Enclosure finishing in less than ideal weather

Frequent question about finishing your stompbox: painting, etching, clearcoating, lettering, etc...

Enclosure finishing in less than ideal weather

Postby CodeMonk » 15 Jan 2013, 08:26

Right now I am living in Northern Nevada (About 60 miles east of Lake Tahoe).
I moved back here in October.
Since I moved here, the temperature has not gotten above 40F (4.44 Celsius), except one day last week we got up to around 50F.
Right now, 11pm, its about 20F.
Temps are averaging around 20F - 30F throughout the day, dropping to single digits at night.
Humidity is currently around 60%. Humidity is usually VERY low during the summer months.

What are ways around these weather conditions when it comes to finishing pedals?
I'm talking about rattle cans and such or any other alternatives anyone can come up with.
Airbrushing maybe?

I am looking into having some enclosures powder coated locally, but would like to be able to just spray paint some now and then as needed.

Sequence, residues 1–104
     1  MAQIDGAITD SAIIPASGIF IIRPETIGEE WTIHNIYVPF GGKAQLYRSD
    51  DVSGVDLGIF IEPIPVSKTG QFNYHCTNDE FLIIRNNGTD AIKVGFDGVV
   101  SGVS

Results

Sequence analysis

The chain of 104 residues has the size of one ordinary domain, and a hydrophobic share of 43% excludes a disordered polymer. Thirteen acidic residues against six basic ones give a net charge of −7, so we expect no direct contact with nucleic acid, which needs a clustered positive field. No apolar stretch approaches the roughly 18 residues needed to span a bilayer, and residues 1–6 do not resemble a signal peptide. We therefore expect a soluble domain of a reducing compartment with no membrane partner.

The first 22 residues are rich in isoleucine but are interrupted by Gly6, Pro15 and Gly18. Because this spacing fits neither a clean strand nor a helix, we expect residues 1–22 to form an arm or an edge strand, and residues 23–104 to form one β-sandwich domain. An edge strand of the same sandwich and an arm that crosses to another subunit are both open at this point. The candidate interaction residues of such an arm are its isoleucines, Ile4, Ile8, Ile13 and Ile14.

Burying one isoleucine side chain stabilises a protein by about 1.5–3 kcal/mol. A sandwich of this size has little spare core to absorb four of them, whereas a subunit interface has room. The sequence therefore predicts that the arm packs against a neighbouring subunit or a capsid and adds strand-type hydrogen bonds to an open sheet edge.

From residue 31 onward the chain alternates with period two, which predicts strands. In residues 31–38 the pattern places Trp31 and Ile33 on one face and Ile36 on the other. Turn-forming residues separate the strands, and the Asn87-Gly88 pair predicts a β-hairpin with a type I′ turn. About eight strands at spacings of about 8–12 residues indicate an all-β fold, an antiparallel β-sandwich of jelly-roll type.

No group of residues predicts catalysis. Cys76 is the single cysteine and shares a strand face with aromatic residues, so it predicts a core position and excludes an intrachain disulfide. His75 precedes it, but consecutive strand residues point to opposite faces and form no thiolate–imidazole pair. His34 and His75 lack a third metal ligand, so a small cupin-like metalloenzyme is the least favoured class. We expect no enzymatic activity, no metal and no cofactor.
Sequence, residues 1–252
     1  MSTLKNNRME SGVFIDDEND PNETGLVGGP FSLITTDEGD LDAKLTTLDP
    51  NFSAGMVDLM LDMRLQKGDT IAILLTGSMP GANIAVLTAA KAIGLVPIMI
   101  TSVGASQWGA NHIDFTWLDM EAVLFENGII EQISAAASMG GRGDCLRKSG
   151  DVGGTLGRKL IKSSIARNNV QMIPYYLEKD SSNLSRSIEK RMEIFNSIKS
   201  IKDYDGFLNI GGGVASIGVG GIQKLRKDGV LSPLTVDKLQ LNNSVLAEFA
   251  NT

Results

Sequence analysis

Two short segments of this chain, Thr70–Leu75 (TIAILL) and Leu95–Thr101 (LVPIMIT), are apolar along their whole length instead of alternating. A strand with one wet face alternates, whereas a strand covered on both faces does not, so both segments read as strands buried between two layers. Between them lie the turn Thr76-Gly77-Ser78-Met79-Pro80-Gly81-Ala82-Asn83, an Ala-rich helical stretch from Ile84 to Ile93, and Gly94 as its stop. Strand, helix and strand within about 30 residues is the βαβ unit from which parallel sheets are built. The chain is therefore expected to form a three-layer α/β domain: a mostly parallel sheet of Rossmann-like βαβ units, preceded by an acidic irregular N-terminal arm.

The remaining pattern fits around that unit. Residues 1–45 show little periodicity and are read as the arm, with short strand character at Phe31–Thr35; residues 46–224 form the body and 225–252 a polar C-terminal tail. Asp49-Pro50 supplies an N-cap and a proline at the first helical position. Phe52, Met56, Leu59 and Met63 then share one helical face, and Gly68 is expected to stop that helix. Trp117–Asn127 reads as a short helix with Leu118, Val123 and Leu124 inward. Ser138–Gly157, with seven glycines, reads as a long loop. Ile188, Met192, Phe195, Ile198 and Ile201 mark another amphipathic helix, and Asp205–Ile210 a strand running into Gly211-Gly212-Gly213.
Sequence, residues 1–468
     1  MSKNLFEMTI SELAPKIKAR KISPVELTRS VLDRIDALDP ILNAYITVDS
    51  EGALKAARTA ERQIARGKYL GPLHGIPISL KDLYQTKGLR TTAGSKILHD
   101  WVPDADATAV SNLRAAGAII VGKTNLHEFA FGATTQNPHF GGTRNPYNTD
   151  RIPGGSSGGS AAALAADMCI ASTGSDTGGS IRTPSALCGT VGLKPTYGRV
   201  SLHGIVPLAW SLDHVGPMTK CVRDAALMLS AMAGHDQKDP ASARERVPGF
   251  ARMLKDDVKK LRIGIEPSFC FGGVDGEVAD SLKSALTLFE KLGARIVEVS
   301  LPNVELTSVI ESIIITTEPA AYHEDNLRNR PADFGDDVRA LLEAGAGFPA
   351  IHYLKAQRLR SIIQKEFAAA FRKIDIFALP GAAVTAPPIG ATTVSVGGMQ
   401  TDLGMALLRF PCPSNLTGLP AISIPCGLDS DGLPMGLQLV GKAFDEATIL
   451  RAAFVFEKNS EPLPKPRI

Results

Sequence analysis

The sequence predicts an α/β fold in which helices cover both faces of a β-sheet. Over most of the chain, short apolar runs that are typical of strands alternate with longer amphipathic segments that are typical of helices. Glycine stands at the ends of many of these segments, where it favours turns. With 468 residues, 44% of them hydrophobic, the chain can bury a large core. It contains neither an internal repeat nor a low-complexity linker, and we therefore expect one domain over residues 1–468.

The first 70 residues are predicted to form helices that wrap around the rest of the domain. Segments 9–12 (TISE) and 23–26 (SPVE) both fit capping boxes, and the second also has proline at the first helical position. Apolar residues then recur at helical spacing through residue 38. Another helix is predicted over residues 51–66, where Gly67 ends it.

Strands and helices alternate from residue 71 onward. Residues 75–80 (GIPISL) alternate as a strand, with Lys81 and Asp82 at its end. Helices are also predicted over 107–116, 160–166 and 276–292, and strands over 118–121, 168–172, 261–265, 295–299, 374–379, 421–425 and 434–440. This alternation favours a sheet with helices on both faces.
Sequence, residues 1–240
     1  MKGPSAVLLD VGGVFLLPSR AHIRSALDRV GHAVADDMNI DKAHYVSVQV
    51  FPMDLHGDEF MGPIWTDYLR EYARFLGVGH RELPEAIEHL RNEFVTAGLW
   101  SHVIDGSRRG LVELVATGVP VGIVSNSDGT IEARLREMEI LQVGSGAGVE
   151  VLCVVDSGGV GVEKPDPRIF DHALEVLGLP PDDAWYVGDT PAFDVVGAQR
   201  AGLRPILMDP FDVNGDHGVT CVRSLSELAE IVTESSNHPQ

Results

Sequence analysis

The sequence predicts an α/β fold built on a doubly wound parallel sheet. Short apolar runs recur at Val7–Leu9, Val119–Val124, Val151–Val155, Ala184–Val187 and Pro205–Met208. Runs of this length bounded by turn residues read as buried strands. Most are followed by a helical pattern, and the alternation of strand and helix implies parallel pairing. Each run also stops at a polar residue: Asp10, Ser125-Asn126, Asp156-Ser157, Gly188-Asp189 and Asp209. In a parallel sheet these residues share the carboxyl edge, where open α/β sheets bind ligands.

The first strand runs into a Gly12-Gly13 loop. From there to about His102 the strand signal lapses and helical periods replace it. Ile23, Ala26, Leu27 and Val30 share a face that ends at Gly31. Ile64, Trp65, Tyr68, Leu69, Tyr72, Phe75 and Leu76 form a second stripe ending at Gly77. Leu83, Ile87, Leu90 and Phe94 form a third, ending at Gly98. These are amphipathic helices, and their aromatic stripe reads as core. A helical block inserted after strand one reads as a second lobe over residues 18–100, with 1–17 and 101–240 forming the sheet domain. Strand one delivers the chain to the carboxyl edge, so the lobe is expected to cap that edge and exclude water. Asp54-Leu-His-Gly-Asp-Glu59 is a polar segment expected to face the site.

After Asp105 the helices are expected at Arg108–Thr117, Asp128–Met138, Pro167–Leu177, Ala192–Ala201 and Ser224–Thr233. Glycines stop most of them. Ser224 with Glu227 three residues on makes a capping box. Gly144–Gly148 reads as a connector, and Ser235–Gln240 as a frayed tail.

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Re: Enclosure finishing in less than ideal weather

Postby tasteless » 03 Mar 2013, 15:56

I often wonder this myself - And I can imagine that quite a few of 'us' could tend to be rather productive in the colder months.
My little corner of the planet isn't quite as cold as Yours But , It isn't much warmer either.
I also live at the top of a hill and So even good days have just enough breeze to make spraying a PITA.

I've been toying with the idea of constructing a folding portable spraybooth.
I thought a folding card table could make a suitable frame.

Initially , The concept was to isolate the process - So that I could spray inside the garage , without asphixiating ( or however that is spelt ) myself.
I pictured a sort of small plastic tent with a couple of arm-holes and an extraction system ( probably involving an old PC fan ).

Then I thought ' what if I could warm the air inside the enclosure ( with a hairdryer maybe ? ) just prior to spraying ?
Maybe bubblewrap might contain the warm air better ?
Of course the extractor would probably remove the warm air fairly quickly But , I haven't given the whole concept a great deal of thought at this point.

I also once constructed a small 'lightbox' for pre-heating marine epoxy ( basically just a wooden box with a lightglobe inside it ).
It certainly got very warm , very fast.
Given that some form of light would be required for painting anyway - This may also find it's way into the design.

I suppose I better start looking for a small card table and see what I can come up with.
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